A Penn physics study: Of traffic jams, beach sands and the zero-temperature jamming transition
Researchers in condensed matter physics at the University of Pennsylvania and the University of Chicago have created an experimental and computer model to study how jamming, the physical process in which collections of particles are crammed together to behave as solids, might affect the behavior of systems in which thermal motion is important, such as molecules in a glass.

WWF study says climate change could displace millions in Asia's Coral Triangle
Coral reefs could disappear entirely from the Coral Triangle region of the Pacific Ocean by the end of the century, threatening the food supply and livelihoods for about 100 million people, according to a new study from World Wildlife Fund.

Novel therapy may prove effective in treatment of 30 percent of cancers
A ground-breaking Canada-wide clinical trial led by Dr. Katherine Borden, at the Institute for Research in Immunology and Cancer of the Universite de Montreal, has shown that a common anti-viral drug, ribavirin, can be beneficial in the treatment of cancer patients.

University of Arizona research on scorpion antivenom published in NEJM
Youngsters suffering severe nerve poisoning following a scorpion sting recover completely and quickly if a scorpion-specific antivenom is administered, according to a study conducted by researchers from the University of Arizona and reported in the May 14 issue of the New England Journal of Medicine.

New research confirms milestone study on blood pressure meds
New research supports the findings of a landmark drug comparison study published in 2002 in which a diuretic drug or

San Diego Supercomputer Center selects first vendors for 'Triton Resource'
The San Diego Supercomputer Center at the University of California, San Diego, has selected the first round of vendors for its new Triton Resource, an integrated, data-intensive computing system primarily designed to support UC San Diego and UC researchers.

University of Liverpool awarded $3.3 million for genomics hub
The University of Liverpool has been awarded £2.2 ($3.3) million to establish a high-throughput genomic analysis hub for the North of England.

MIT reels in RNA surprise with microbial ocean catch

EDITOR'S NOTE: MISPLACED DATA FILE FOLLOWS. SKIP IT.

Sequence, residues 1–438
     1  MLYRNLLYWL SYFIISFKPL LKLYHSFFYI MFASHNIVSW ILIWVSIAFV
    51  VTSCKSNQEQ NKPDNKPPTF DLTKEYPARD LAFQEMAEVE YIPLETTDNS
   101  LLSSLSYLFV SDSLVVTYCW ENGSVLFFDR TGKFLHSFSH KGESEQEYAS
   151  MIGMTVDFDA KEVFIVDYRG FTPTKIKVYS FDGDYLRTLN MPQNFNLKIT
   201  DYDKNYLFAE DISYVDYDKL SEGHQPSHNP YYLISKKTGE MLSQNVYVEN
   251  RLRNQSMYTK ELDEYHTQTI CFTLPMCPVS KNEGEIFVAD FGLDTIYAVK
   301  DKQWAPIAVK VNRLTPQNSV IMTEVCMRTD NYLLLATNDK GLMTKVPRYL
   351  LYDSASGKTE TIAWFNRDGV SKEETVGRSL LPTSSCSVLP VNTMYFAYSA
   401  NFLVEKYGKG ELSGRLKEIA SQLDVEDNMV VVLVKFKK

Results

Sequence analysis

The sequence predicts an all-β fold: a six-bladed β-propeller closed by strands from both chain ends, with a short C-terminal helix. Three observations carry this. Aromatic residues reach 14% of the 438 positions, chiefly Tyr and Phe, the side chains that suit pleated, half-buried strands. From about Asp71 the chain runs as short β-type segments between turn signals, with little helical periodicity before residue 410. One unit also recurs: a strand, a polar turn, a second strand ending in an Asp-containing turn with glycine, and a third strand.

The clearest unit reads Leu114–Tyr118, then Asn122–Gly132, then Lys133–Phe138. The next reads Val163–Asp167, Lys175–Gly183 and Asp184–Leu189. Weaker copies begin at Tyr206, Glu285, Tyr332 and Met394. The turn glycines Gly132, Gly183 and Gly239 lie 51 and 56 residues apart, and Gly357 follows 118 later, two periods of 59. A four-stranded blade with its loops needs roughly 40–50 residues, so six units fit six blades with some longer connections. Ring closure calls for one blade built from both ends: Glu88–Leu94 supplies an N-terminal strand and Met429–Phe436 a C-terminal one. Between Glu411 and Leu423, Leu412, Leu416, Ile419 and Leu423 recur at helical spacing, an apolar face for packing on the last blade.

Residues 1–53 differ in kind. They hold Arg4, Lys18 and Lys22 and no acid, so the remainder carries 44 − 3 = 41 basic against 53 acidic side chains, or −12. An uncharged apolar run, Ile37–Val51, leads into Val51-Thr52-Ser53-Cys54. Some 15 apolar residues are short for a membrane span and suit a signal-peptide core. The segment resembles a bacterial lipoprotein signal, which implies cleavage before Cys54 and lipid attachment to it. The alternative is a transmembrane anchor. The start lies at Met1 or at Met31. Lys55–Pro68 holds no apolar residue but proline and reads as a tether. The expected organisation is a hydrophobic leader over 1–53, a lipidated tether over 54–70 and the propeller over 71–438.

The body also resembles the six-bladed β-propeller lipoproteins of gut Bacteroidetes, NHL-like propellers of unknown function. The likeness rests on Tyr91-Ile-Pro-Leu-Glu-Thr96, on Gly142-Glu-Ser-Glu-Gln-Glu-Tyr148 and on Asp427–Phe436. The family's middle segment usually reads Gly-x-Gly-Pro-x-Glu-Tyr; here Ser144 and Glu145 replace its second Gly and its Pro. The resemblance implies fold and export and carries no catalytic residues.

An ingenious new method of obtaining marine microbe samples while preserving the microbes' natural gene expression has yielded an unexpected boon: the presence of many varieties of small RNAs -- snippets of RNA that act as switches to regulate gene expression in these single-celled creatures, MIT researchers report in the May 14 issue of Nature.

What do blood stem cells need to grow? Blood flow
Blood stem cells literally go with the flow, according to a new report published as an immediate early publication in the journal Cell, a Cell Press journal, on May 13.

UCLA researchers develop new method for producing transparent conductors
UCLA researchers have outlined a new method for producing a graphene -- carbon nanotube (G-CNT) hybrid, which is a high performance transparent conductor.

New study urges new thinking over government widening participation policy
Researchers warn of the risk of overstating the value of higher education at the expense of other ambitions young people might have.

Development of an artificial simulator of the nervous system to do research into diseases
Scientists of the University of Granada have generated a computer which permits to reproduce any part of the body's nervous system, such as the retina, the cerebellum, the hearing centers or the nervous centers.

WPI professor receives Fulbright Scholarship to work on tissue engineering in Ireland
Kristen L. Billiar, associate professor of biomedical engineering at Worcester Polytechnic Institute, has received a Fulbright Scholarship to study the mechanics of nanoscale scaffolds for tissue engineering at the National University of Ireland Galway.

Scripps research scientists discover molecular defect involved in hearing loss